Hannah Wood’s research primarily focuses on the movement behaviour and foraging ecology of marine top predators. Through the use of biotelemetry, we are now able to collect detailed data about the fine scale movements of animals when they are at sea, and utilise new statistical analysis and modelling techniques to analyse this information. She is particularly interested in the use of hidden Markov models to identify and describe different behaviours and to determine the influence of environmental variables on their distribution patterns. This kind of information is essential in order to determine ecologically important areas, and can be incorporated into habitat conservation measures. In the past she has spent much of her time in the field, working predominantly with marine mammals, as well as a variety of seabirds and predatory pelagic teleosts. She is currently the Post Graduate Research Assistant on the British Indian Ocean Territory (BIOT) Seabird Project based at IOZ. This study concerns the status, distribution and population trends of red-footed and brown boobies (Sula sula and Sula leucogaster), their utilisation of the marine protected area which surrounds their breeding sites, and the environmental factors which drive their at-sea distributions.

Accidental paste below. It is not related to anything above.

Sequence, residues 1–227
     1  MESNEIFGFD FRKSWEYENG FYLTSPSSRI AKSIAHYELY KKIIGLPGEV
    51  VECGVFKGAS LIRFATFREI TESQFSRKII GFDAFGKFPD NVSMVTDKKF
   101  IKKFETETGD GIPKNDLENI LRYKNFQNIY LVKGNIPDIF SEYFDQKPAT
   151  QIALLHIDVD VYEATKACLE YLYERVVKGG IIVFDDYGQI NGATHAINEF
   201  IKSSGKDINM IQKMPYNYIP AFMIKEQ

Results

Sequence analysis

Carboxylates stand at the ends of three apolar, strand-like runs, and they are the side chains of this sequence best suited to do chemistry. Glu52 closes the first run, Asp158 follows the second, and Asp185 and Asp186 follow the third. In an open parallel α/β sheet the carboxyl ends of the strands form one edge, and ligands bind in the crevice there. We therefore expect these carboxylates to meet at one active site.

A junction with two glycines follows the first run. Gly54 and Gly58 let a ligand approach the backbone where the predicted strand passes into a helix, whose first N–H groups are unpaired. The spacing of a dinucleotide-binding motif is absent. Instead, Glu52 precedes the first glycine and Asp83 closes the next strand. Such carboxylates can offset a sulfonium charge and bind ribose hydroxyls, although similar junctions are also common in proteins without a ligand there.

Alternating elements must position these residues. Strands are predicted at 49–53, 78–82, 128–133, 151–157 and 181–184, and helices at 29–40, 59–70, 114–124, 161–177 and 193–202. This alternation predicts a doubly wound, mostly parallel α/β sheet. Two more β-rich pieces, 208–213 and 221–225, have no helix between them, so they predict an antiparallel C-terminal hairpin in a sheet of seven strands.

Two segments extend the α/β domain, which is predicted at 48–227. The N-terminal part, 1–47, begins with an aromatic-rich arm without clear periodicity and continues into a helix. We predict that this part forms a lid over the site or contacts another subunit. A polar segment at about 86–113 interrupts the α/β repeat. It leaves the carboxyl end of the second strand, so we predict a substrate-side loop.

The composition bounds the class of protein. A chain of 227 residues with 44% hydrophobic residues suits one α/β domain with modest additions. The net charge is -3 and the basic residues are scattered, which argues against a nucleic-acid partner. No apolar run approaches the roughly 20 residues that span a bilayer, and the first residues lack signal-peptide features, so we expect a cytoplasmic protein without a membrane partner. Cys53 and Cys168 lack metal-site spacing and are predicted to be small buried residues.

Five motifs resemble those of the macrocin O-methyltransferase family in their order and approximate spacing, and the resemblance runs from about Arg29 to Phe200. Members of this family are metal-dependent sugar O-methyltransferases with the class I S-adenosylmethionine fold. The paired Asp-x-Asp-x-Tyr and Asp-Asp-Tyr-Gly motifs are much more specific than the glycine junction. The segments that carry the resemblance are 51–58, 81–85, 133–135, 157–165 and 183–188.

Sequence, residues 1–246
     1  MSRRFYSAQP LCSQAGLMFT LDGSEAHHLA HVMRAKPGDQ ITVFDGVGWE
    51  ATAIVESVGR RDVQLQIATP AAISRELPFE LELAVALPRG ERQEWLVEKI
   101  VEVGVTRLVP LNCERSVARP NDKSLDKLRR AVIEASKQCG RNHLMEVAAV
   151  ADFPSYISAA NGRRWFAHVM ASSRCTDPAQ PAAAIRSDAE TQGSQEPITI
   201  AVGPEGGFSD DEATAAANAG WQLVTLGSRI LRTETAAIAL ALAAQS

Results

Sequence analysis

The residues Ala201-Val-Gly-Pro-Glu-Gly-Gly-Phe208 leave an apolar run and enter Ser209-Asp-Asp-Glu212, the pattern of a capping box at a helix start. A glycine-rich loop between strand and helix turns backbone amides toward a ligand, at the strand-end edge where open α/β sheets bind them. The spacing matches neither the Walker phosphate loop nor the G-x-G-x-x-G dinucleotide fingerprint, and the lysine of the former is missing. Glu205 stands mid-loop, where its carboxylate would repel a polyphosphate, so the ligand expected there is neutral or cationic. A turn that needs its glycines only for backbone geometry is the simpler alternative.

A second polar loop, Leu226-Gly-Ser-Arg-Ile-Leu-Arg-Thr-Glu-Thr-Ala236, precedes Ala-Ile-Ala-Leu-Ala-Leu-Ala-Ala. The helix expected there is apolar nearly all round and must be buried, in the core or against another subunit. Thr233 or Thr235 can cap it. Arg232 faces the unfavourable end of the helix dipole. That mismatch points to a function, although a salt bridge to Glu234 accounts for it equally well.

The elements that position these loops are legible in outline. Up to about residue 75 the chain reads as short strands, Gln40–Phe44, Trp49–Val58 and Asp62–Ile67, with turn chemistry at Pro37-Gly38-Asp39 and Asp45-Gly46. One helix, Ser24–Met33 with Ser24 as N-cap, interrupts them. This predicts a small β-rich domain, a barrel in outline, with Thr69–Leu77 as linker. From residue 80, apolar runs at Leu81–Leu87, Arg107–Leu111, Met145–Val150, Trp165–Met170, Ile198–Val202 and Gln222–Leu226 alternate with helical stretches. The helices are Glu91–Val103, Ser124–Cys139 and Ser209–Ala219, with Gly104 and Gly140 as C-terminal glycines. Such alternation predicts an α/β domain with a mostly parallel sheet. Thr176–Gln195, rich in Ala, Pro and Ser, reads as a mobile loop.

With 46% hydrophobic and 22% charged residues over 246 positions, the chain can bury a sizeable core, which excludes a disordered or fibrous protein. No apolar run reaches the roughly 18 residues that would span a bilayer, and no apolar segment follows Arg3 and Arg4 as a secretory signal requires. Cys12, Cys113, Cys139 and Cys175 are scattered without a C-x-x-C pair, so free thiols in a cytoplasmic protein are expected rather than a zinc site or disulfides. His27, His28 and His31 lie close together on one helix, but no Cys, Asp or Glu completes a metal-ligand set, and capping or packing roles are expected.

Zoological Society of London